Jan 24, 2018

The U.S. wants to be the new tax haven for tech giants

The new tax overhaul might allow the United States might be the next base of operations for American companies that make a significant amount of cash via their intellectual property, per The Wall Street Journal. Foreign-derived intangible income, the money that companies make overseas on U.S.-produced goods that utilize their IP, will be taxed at 13.125% through 2025 and 16.4% thereafter, down from a previous top rate of 35%.

Why it matters: Ireland's similar tax break on intellectual property, known affectionately as the "Double Irish," ends after 2020. Its lucrative tax structure lured companies like Facebook and Alphabet to set up shop in Dublin, and the U.S. hopes to bring that money back home.

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Tech can't remember what to do in a down market

Illustration: Rebecca Zisser/Axios

Wall Street's two-day-old coronavirus crash is a wakeup alarm for Silicon Valley.

The big picture: Tech has been booming for so long the industry barely remembers what a down market feels like — and most companies are ill-prepared for one.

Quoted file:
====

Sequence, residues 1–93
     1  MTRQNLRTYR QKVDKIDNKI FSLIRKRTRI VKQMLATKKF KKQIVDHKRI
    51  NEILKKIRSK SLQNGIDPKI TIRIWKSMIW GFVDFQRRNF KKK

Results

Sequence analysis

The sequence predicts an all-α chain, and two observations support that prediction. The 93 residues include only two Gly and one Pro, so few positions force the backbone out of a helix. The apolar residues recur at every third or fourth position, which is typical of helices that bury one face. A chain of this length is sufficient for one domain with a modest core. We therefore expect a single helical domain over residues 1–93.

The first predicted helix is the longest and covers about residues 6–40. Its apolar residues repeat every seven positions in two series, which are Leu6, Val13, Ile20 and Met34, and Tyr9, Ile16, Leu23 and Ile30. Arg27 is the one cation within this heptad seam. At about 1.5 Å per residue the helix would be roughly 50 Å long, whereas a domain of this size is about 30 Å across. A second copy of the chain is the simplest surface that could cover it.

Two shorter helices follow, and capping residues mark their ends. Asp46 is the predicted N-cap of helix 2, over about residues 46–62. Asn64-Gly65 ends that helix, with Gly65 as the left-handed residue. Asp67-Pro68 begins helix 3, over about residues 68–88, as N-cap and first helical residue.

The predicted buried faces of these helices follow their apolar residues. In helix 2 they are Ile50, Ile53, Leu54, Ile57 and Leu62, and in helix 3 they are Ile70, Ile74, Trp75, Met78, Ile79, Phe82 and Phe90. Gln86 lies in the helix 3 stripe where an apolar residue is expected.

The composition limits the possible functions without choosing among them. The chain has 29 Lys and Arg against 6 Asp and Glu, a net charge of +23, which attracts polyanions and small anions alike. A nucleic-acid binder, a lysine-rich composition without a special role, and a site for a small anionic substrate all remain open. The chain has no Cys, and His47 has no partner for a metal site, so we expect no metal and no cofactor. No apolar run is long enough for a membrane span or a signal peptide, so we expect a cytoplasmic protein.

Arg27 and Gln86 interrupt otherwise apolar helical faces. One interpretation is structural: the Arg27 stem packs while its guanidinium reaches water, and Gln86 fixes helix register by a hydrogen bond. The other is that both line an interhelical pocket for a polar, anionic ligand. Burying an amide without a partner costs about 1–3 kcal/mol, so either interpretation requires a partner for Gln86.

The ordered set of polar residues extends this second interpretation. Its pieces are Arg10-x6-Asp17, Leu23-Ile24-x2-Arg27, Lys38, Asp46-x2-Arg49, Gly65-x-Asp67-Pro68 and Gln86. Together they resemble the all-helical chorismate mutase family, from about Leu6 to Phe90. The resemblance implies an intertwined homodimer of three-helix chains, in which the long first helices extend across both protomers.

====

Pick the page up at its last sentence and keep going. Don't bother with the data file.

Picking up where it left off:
Brace yourself for a coronavirus outbreak

Illustration: Aïda Amer/Axios

Public-health officials’ warnings about the coronavirus are sounding increasingly urgent, with one top CDC official asking the public yesterday "to prepare for the expectation that this might be bad."

Reality check: Other administration officials, including President Trump himself, were more subdued in their assessments. But underneath those tonal differences, the reality of the coronavirus is the same: It spreads quickly, and has already spread to many countries, making it likely to start spreading here, too.

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Exclusive: Pro-Trump group plans post-Super Tuesday blitz on Democrats

Democratic presidential hopefuls take the debate stage in South Carolina. Photo: Logan Cyrus/AFP via Getty Images

Pro-Trump super PAC America First Action is preparing to unleash a series of targeted, swing-state attacks on the Democrats most likely to face President Trump after Super Tuesday, people familiar with the group's plans tell me in an exclusive preview of its strategy.

The state of play: The group has been tracking favorable/unfavorable ratings in Florida, Georgia, Michigan, North Carolina, Ohio and Pennsylvania for 2020 candidates Joe Biden, Bernie Sanders, Elizabeth Warren, Pete Buttigieg and Michael Bloomberg — under the theory that if Trump wins each of these six states he would win re-election.